[Standards-JIG] New version of chess game protocol

Robert B Quattlebaum, Jr. darco at deepdarc.com
Wed Oct 18 18:52:49 UTC 2006

On Oct 9, 2006, at 11:27 PM, Michal vorner Vaner wrote:
>> Similar to how the workgroups protocol works if a chat room
>> is needed in a game the game server component will create the room  
>> and
>> give its address to all the participants (i.e.  
>> chess34 at muc.jabber.org)
> Well, if you have the game component, you can do the resending from
> there, since (as I said before), muc is not well suited for games, it
> can do only messages, it alters presence and is for text chats.

Why would using a MUC for communicating game moves (and possibly  
associated commentary) be a misuse of MUC? It seems like a perfectly  
appropriate use of such a facility. It is so compelling to me that I  
am having a really difficult time trying to imagine the benefits of  
rolling our own solution when it seems a solution to the "spectator"  
problem is all but solved.

You mention that MUC is not suitable because an implementation may  
not allow <iq> stanzas to be sent (although several do) and may  
mangle <presence> stanzas (although most don't), but I don't think  
either of those are show-stoppers. I don't see any reason why this  
protocol should require <iq>'s to be sent at all, except for service  

I think that using MUC is also more in line XEP-0134, Protocol Design  
Guidelines. I think sections 2.2 (Keep clients simple), 2.3 (Re-Use  
Existing Protocols), and 2.7 (Stay Flexible) are especially relevant  
in this case:
>> 2.2 Keep Clients Simple
>> Background
>> Almost all Jabber technologies are implemented in a client-server  
>> architecture. While that's not necessary (and there do exist some  
>> peer-to-peer applications of XMPP), it usually makes good sense.  
>> Among other things, a client-server architecture has enabled the  
>> Jabber community to force most of the complexity onto servers and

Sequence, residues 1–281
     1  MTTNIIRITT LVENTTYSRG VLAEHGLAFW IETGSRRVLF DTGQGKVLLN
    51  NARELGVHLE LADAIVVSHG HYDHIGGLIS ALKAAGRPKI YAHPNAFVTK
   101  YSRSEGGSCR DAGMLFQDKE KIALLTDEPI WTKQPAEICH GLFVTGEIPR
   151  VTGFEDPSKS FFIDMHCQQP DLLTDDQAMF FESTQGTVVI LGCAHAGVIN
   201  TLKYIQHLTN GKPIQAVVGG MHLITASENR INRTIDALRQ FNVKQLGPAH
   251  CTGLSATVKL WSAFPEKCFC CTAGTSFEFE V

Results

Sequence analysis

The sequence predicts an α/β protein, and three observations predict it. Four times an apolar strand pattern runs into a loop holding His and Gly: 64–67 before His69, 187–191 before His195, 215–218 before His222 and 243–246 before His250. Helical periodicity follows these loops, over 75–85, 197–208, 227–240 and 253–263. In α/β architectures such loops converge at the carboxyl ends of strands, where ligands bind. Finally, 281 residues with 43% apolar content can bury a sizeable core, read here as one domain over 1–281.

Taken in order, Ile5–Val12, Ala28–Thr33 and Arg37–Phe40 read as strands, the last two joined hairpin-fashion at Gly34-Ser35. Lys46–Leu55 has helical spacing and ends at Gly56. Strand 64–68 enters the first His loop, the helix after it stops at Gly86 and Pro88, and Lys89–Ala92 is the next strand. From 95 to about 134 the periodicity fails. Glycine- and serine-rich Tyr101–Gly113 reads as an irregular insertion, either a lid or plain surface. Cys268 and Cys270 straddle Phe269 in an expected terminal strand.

>> components, thus keeping clients relatively simple. This principle  
>> has served the Jabber community well since the very beginning, and  
>> forms an important basis for further innovation.
>> Meaning
>> The principle of "keep clients simple" has many implications,  
>> among them:
>> Don't multiply protocols beyond necessity (the more protocols you  
>> define, the harder it is to write a client).
>> Degrade gracefully so that simpler or older clients can still  
>> participate in the network.
>> If intensive processing is required, make a server or component do  
>> it.
>> Don't force additional requirements (such as XSLT processors) onto  
>> clients unless absolutely necessary.
>> Examples
>> One good example of keeping clients simple is the presence stanza:  
>> the client has only to send <presence/> and the server takes care  
>> of presence probes, broadcasts, and appropriate routing decisions.  
>> Another example is Multi-User Chat [14]: although the protocol  
>> involves some complexity, it was written so that older clients can  
>> join and participate in MUC rooms even if they don't understand  
>> the more advanced MUC extensions.
>> 2.3 Re-Use Existing Protocols
>> Background
>> The Jabber community has been developing wire protocols for XML  
>> streaming, presence, and instant messaging since 1999. In that  
>> time, members of the community have defined a number of building  
>> blocks that can be used as the basis for further development.  
>> Furthermore, many smart people have created open protocols within  
>> other standards development organizations, including the IETF, the